WinDbg .cmdtree

Wait wait, before you leave this page because it contains the “WinDbg” word somewhere in its body 🙂

This is a little gem I have just discovered, and that may be useful for those of you who do not remember the exact syntax of each and every WinDbg instruction (and I’m the first on this list).

You can prepare a text file which contains a list of the commands you use more often. This file should of course adhere to a specific syntax, which is extremely easy BTW. Here’s an example:

windbg ANSI Command Tree 1.0
title {"WinDbg made easy?"}
body
{"Quick Commands"}
{"SOS"}
  {"Load sos"} {".loadby sos mscorwks"}
  {"clrstack"} {"!clrstack"}
  {"Threads"} {"!threads"}
  {"Stack Objects"} {"!dso"}
  {"Exceptions"} {"!dae"}
  {"Heap"} {"!dumpheap"}

Then you just have to save this file somewhere (if you prefer to avoid too much typing, just save it along with the WinDbg executable, which in my case is here: C:\Program Files\Debugging Tools for Windows (x64), and call it commands.txt).

Then, fire up your favorite debugger (no, it’s not Visual Studio… come on!!) and within a debugging session just try typing:

.cmdtree commands.txt

You’ll see a wonderful window popping up, which contains the list of commands you have defined in your configuration file.

WinDbgCmdTree

And this is not just for documentation or for reference: you can double click on any of the above commands and have WinDbg run it, just the same as if you had typed it into the command window directly.

Cool, isn’t it?

You can get more information here: http://blogs.msdn.com/b/debuggingtoolbox/archive/2008/09/17/special-command-execute-commands-from-a-customized-user-interface-with-cmdtree.aspx

XSLT and verbatim content with CDATA sections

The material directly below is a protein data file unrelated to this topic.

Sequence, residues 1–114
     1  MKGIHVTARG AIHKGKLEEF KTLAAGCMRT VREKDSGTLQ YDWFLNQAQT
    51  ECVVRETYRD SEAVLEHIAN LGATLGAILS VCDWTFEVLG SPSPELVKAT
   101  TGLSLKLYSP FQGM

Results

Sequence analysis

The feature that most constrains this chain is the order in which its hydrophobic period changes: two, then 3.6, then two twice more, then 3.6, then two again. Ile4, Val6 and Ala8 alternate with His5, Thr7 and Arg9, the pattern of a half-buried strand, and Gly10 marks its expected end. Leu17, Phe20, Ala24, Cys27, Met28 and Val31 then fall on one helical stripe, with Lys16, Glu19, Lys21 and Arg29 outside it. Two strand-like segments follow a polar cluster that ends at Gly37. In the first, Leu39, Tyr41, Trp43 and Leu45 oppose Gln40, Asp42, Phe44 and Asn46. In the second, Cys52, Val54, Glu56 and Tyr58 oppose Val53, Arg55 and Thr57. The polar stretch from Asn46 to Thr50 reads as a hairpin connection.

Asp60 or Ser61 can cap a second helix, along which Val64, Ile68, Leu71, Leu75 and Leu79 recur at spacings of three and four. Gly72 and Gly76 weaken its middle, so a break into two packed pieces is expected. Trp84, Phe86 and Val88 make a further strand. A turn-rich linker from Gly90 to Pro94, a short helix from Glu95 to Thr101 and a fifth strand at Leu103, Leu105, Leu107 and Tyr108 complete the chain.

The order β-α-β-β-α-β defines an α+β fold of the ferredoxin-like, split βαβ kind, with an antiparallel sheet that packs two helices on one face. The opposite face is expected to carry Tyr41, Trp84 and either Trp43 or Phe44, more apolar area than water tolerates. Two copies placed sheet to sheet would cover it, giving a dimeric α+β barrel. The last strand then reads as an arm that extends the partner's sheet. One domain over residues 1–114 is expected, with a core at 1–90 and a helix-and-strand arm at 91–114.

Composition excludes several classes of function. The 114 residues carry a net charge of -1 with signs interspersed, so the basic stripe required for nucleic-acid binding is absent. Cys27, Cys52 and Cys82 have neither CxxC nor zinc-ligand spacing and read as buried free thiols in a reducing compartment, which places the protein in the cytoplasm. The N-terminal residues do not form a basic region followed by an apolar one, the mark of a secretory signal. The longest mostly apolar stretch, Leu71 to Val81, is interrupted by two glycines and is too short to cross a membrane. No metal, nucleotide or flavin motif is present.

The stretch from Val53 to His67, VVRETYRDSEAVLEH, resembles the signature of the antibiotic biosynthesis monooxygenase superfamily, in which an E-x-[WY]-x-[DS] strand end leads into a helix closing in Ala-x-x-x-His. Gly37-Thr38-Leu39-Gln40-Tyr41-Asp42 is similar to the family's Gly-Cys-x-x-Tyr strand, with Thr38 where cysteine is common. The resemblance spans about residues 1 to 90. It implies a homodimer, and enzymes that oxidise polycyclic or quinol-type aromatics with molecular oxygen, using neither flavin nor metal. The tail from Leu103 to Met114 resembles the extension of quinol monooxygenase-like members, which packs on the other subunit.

Here’s a quick tip you may find useful while writing some – maybe complex – XSLT transformations.

I adopted this solution recently for some library code that emits RSS complaint XML documents.

My need was to create XML fragments that contain unescaped HTML content, so that I could easily create HTML formatted elements values without worrying too much about HTML encoding.

Of course, CDATA sections were a suitable (and easy) option.

But you cannot include CDATA sections as such in the processing transformation, since it would have caused an automatic escaping of the inner content…. unless… you specify that one or more of the output elements will indeed contain CDATA sections.

You can achieve this goal just by specifying a cdata-section-elements as an attribute of the XSL element output (see this excerpt from the XSL reference documentation):

<output>
method = xml | html | text | qname-but-not-ncname
version = nmtoken
encoding = string
omit-xml-declaration = yes | no
standalone = yes | no
doctype-public = string
doctype-system = string
cdata-section-elements = qnames
indent = yes | no
media-type = string
Model: EMPTY
</output>

Credits go to Bernie Zimmermann, whose detailed post you can find here: http://www.bernzilla.com/2008/02/12/utilizing-cdata-section-elements-in-xsl/

IIS Smooth Streaming Whitepaper

If you are confused about the difference between Media Streaming, HTTP progressive download, IIS Smooth Streaming and IIS Live Smooth Streaming, here’s a wonderful whitepaper by Alex Zambelli that I strongly suggest you to read.

You know, talking about Digital Assets Management you often hear about streaming, but IMHO sometimes this word is abused. This whitepaper explains you what streaming really is, and talks about other techinques that can reach the same goal, while not streaming anything!